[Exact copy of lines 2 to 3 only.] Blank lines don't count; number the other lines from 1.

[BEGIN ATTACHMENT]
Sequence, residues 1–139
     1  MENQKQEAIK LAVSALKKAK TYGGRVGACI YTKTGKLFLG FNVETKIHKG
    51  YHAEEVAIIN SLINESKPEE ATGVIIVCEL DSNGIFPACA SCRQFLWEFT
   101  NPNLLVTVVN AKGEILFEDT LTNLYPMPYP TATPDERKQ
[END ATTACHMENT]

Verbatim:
     1  MENQKQEAIK LAVSALKKAK TYGGRVGACI YTKTGKLFLG FNVETKIHKG
    51  YHAEEVAIIN SLINESKPEE ATGVIIVCEL DSNGIFPACA SCRQFLWEFT